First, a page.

Now let us consider what should life look like?
(2) Get to work, live simply, give generously, and ask the Father if you need anything
If you are able to work, get to work (2 Thess 3:10)! If you have debt, pay it off. As God provides income, live simply so you can give generously (1 Tim 6:8; Phil 4:11-13). If you have more than enough, the world says to store up treasures on earth so that they can make more money. Don’t fall into that trap (1 Tim 6:9)! Instead, faithful stewards put the Master’s resources to work (Matt 25:16) and store them up in heaven through giving to God and sharing (Matt 6:19-21; Rom 12:13). And, if you need anything, ask the Father as Jesus instructed (Matt 7:7-11; Phil 4:6-7).
All this requires us, as stewards, to live biblically and counter-culturally. This lifestyle, which Lewis Hyde calls “the gift economy,” positions us for freedom rather than slavery: when a person is in need, the other helps that person, for next time, the helper may in fact be the one in need (2 Cor 8:13-15).
We can trace examples of this in the Early Church (Acts 2:42-47; 4:32-35). The Shepherd of Hermas (c. 140-155) writes: “Instead of fields, buy souls that are in trouble according to your ability. Look after widow and orphans. Do not neglect them. Spend your riches on these kinds of fields and houses.” No wonder scholars like Rodney Stark have noted that it was the generosity of the Early Church that contributed to spread of Christianity throughout the ancient world. They showed God’s love.
My favorite example of such loving generosity in more recent history is linked to Handel’s Messiah. On April 13, 1742, Messiah premiered as a chartable event raising £400 and freeing 142 people from debtor’s prison. What if Christian ministries engaged in such efforts today?
(3) Avoid organization debt and trust God to sustain His work
Just because your ministry can borrow money does not mean it should borrow money. Instead of presuming on the future and borrowing money to build buildings or fuel ministry, you should count the cost before starting projects to ensure you will have the funds to finish (Luke 14:28-30).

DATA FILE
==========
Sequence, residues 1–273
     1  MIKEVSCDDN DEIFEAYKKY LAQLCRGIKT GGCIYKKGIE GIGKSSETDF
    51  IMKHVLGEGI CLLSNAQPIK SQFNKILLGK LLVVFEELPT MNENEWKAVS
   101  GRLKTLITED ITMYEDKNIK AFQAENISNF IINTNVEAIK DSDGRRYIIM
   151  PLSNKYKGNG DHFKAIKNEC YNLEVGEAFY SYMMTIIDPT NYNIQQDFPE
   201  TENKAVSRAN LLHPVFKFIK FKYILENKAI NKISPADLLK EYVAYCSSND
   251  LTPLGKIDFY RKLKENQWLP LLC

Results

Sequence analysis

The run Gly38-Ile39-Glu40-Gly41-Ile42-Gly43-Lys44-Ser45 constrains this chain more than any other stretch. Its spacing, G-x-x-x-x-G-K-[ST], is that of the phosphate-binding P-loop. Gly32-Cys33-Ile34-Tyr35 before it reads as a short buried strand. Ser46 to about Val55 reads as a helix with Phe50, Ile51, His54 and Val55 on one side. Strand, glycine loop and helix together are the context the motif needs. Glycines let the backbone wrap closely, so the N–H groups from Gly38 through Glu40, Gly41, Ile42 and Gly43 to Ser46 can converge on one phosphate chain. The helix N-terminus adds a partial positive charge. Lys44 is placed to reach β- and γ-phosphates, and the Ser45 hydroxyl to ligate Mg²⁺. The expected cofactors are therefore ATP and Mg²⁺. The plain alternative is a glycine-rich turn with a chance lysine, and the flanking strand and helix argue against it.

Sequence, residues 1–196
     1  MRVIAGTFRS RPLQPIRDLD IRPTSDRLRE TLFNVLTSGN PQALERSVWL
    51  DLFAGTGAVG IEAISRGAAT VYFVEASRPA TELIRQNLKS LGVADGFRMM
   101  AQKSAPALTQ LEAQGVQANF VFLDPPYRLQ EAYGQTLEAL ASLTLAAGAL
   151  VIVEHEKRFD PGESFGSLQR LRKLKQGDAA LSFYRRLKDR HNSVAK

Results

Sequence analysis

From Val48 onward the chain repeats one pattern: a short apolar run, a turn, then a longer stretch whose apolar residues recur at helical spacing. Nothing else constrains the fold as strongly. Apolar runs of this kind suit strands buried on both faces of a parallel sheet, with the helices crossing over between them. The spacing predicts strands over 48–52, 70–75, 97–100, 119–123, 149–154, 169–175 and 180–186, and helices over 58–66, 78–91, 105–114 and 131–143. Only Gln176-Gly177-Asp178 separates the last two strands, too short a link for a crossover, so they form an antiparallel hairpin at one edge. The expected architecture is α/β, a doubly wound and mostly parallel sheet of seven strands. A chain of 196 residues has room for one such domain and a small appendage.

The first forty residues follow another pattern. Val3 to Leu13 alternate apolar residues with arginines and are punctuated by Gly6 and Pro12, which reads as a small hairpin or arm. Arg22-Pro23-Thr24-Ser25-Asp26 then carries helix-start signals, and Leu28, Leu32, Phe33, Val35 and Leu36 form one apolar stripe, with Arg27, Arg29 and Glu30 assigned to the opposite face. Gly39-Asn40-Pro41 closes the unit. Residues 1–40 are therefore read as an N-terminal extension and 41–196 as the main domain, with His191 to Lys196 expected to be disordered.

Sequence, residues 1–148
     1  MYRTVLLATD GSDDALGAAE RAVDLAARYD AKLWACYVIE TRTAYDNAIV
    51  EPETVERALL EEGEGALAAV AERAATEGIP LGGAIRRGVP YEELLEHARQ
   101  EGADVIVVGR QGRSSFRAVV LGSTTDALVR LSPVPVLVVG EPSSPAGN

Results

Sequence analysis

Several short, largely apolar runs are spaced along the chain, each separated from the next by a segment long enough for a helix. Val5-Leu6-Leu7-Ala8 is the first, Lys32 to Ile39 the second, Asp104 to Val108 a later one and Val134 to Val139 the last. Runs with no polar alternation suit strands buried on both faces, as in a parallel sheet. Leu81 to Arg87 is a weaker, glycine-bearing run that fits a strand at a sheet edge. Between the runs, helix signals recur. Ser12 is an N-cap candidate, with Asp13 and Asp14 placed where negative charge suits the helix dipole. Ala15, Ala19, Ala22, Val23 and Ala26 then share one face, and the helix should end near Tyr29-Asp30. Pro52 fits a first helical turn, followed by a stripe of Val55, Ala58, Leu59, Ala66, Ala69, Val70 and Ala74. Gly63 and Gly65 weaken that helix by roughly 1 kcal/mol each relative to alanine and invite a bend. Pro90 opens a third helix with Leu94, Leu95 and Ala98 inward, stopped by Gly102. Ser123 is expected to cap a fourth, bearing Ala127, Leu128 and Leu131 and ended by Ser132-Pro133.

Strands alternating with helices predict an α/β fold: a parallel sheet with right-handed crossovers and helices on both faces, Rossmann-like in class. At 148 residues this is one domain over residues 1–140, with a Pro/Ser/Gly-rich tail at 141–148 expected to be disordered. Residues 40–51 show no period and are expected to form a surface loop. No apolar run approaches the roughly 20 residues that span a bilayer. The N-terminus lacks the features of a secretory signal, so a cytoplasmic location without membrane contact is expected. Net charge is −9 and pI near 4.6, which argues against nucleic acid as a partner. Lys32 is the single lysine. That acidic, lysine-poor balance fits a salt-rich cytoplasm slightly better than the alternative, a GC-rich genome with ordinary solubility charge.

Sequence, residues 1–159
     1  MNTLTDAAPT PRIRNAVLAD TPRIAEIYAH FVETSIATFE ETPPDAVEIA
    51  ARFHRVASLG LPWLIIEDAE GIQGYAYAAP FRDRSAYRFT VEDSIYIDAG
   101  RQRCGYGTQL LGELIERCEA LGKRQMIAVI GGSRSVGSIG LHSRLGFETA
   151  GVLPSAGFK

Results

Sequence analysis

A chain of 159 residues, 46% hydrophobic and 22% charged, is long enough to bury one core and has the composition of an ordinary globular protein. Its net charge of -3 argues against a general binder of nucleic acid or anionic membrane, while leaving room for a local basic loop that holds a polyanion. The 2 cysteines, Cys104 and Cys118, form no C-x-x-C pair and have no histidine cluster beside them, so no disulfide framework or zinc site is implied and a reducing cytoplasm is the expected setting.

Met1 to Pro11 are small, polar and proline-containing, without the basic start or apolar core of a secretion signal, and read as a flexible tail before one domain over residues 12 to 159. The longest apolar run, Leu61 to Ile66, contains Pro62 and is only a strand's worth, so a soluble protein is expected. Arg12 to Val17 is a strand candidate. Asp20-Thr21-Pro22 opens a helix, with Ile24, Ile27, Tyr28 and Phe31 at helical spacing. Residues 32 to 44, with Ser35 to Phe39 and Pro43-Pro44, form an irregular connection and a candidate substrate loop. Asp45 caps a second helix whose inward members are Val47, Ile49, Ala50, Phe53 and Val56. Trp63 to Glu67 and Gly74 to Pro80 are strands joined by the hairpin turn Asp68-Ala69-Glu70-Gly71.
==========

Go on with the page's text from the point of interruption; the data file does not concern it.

If you want your ministry to grow, be faithful with what you have and God may expand the work. This path is intended to maintain freedom and dependency on Him (James 4:13-17). When you lead this way, the only One who receives the glory for the flourishing of your ministry is God. Leaders like George Mueller offer wonderful biographical examples of this approach.
Our world desperately needs to know of God’s love, and the instructions in God’s Word actually point leaders to the only economic model able to sustain ministry: God’s abundant provision (cf. Matt 6:9-13; 2 Cor 9:11-13).
Is that your sustainability plan or you relying on debt? Martin Luther says, “Whatever a man trusts in and relies on is his god?” Let us humbly turn from trusting in debt, live within our means modeling simplicity and generosity, and trust God to resource His work for His glory.
Gary Hoag is the Generosity Monk. Visit his website, Generoisty Monk: Encouraging Christian Generosity, where he provides biblical teaching for the Church, spiritual counsel for stewards and professional advise for leaders.